Photo by Allison Scott
Katie Scanlan, Pottstown's outspoken chicken outlaw
When the pandemic began, our family was mourning the loss of my uncle, schools were being closed, our jobs became work from home, and grocery stores were being cleared of essentials. Knowing that portions of Pottstown had been classified as, or were bordering food deserts for many years, I was primarily concerned with assuring that if my family was to be confined to our property indefinitely, we would be food secure.
That is when my journey into being Pottstown’s “Crazy Chicken Lady” began.
I purchased six chicks and all the supplies recommended for rearing them in March, 2020 and began learning all I could about backyard chickens. My volumes of urban agriculture books along with blogs, backyard chicken groups on social media, and an online course from Penn State, helped to educate me about how to raise and tend to my new feathered friends.
We are situated on a corner lot and only share one edge of our property with neighbors and our other three property lines border streets and an alley. Our neighbors have been dear friends for over 20 years. The last thing we would want to do is to jeopardize our relationship with them. We called and talked to them about our chicken adventure in early Spring and they were all in.
The summer went by quickly and we learned how effective our small flock was in controlling ticks and mosquitos in the yard. They ate all the spotted lanternflies, munched weeds, and provided hours of entertainment along with excellent fertilizer for our gardens! Egg production was ramping up and we had enough for our family of four and some to share with a friend (accomplice) who helps tend our hens on occasion.
The town ordinance was not on my radar while we were in full pandemic mode.
By Autumn, however, I knew we were committed to our hens and started learning of the backyard chicken underground in town. If you haven’t heard of the chicken underground, it is because hens, if well maintained by responsible owners, are really quite lovely pets. They make far less noise than our dogs and are much easier to keep clean. Have I mentioned how yummy the eggs are?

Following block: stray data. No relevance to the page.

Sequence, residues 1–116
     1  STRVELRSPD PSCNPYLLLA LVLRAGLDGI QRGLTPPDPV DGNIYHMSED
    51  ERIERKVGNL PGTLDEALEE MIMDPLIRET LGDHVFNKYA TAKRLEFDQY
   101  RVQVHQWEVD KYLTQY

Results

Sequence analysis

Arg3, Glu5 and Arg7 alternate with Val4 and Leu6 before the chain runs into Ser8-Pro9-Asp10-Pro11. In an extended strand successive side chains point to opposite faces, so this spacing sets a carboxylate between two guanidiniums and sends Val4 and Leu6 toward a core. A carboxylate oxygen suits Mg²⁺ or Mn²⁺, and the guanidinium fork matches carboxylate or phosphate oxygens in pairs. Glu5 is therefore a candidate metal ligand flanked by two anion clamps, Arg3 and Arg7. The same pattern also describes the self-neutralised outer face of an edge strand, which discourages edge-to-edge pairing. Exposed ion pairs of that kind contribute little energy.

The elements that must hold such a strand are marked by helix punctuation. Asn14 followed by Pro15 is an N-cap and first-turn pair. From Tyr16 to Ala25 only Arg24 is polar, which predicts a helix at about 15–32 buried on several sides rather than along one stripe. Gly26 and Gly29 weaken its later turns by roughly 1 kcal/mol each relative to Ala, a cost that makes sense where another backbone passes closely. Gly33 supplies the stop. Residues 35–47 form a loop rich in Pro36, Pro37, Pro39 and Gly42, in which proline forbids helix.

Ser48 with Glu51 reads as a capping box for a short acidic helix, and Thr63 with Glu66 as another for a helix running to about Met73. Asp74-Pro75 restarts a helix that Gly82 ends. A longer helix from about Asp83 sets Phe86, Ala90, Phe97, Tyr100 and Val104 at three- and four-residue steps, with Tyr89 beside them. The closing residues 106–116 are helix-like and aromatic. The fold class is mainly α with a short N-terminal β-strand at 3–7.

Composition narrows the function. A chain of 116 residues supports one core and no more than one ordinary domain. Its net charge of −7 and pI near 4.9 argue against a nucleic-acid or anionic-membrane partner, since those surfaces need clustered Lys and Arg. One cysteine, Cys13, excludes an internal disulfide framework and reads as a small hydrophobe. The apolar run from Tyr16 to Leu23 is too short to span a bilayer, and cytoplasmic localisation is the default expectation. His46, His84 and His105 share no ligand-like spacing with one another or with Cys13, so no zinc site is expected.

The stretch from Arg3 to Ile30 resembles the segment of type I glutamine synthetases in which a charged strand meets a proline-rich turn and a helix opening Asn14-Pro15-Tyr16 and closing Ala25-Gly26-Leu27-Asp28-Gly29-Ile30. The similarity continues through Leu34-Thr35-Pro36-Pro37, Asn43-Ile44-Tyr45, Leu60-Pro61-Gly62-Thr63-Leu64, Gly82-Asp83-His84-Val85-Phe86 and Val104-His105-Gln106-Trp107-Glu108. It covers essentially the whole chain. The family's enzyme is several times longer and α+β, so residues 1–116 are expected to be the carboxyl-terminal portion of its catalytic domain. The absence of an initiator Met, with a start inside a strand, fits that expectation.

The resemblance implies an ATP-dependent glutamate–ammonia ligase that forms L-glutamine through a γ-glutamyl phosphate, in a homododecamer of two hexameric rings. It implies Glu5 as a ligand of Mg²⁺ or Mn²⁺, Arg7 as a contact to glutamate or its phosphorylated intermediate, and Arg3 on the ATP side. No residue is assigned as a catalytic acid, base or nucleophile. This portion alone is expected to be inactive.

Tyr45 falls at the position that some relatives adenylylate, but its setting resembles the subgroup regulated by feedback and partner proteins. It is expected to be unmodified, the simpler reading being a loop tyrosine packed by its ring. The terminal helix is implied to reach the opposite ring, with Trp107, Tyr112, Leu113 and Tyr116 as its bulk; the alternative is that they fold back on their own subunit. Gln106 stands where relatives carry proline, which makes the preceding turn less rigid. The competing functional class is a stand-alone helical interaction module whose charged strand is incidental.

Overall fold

Not being a rule-breaker in general, I decided to reach out to the borough and try to be part of a reasonable solution by proposing a few options. When I contacted the borough, I was advised that I would not have to take action regarding my hens until the Spring and that it would be helpful to make a presentation to Council regarding my proposed changes. I provided that PowerPoint in an email in early January and asked if I could have time to present. That is when the floodgates of the zombie chicken apocalypse opened. All of the details of the timeline and the benefits/concerns about having hens in town are well documented by journalist Evan Brandt in his coverage of the issue, so I won’t reinvent the egg on that front.
Suffice it to say that since January, and after making my initial attempts to collaborate with the borough on updating the ordinance, chicken chaos abounds. I have received a citation which levied the maximum allowable fine of $500 with $93.75 in court costs. Borough council meetings have felt more like circus events with a ringleader who is anti-chicken and who happens to be the council person in charge of my ward. It should be noted that this same councilman was one of the first people I contacted to help support a collaborative solution to work together to review the ordinance. (I’m told that the battle to allow murals in town was similar a few years ago.) The entire process has been demoralizing, and exhausting. It has taken focus away from important issues with education and infrastructure in our town and has diverted it to useless clucking about an issue that, if complaints and citations are to be relied upon as indicators of the potential problem, is a non-issue.
|Scanlan's chicken violation citation|
Responsible and respectful backyard chicken ownership is possible in Pottstown and other urban locations. I have been doing it for over a year. We won’t solve tomorrow’s problems in Pottstown with the same thinking that got us here. It is time for a change. Hopefully, I can be part of that positive change by starting by making my little corner of Pottstown, in the 5th Ward, a bit more green.